With corporate downsizing and the strong desire to be in charge of our own destiny, many people have pursued turning their interests into an income making machine. If you are one of these people, here are 5 tips for making your passion a reality.
- Evaluate if you can make money on your new venture. This tip goes without saying, but serves as a gentle reminder to consider the finances of owning a business. You’ll need to survey your competition, determine your margins, and understand what your start-up costs and day-to-day operating costs will be.
- Lay out your business plan. It’s easy to fall into the trap of thinking because your business is your passion you’ll remember your goals, but with stress, other people’s opinions, and personal goals it’s easy to lose sight of the foundation. Memorializing your business plan is crucial to being successful. Your business plan is your vision, ideas, and overall strategy for making it happen. A visual plan can be a key component that allows you to monitor your progress and stay on track. As your business expands, you’ll be grateful you have this plan so you know you’re moving in the right direction.
- Treat your business like a real business. I know this might sound redundant and quite obvious, but the skill of differentiating between work and home may be more challenging than you think. The lines get blurred and often either your personal life or your work life, and maybe even both, take a back seat. Setting boundaries is a great way to make sure your business is not suffering. It might be as simple as talking to family members or roommates and explaining the importance of not being interrupted during your scheduled work hours.
- Brush up on those organizational skills. Technology gives us the opportunity to work from home. Cell phone apps are great for setting reminders. Use your Outlook or Google accounts to schedule events and prioritize tasks. These are simple ways to physically display tasks that need to be completed daily, weekly, monthly, quarterly, and so on. Schedule all meetings and obligations in one calendar location, even personal obligations. Having two separate calendars potentially leads to missed appointments because you’re looking in two places for your schedule. Having reminders and calendars prevents you from playing the guessing game and saves your energy for focusing on the actual business. When you own a business you are likely responsible for overseeing many, if not all, aspects of the business. Your responsibilities range from marketing and selling your products to ordering the office equipment and supplies. Keeping structure is imperative to staying on top of things.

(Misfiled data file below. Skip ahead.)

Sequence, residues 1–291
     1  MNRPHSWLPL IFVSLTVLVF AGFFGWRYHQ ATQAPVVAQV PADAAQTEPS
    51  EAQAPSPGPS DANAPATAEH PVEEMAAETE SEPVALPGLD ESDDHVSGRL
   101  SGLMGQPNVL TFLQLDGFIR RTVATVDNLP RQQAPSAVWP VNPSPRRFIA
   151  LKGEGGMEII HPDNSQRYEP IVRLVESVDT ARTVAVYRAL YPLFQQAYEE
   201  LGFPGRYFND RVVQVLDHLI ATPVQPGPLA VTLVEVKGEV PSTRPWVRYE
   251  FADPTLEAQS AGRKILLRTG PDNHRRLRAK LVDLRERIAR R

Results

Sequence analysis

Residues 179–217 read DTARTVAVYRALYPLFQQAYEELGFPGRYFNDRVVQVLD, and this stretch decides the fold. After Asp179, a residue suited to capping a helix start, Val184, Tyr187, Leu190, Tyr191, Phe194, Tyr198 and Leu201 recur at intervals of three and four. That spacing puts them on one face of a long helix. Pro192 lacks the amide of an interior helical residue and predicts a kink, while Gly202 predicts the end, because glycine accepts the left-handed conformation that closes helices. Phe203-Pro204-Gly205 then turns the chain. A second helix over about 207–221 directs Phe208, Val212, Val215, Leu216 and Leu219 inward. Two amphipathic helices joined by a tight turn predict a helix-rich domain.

- Secure your assets. Don’t forget about having appropriate insurance coverage. Many business owners that work out of their home mistakenly assume their homeowner’s policy will cover them in the event of a loss. Homeowners’ policies are generally not intended to cover business property such as office equipment and inventory. Additionally, whether your clients visit your home office or you work with clients at locations other than your home office, you’ll need to consider a commercial general liability policy. A business owner’s policy, or BOP, is a good place to start your research.
While the success of your business depends on staying focused, try and have some fun too. By planning and having patience, an idea hatched in your kitchen or basement can develop into a treasured income. Learn more about getting your home based business up and running.
- 8 Tips for Starting a Home-Based Business
- 10 Tips for Home-Based Businesses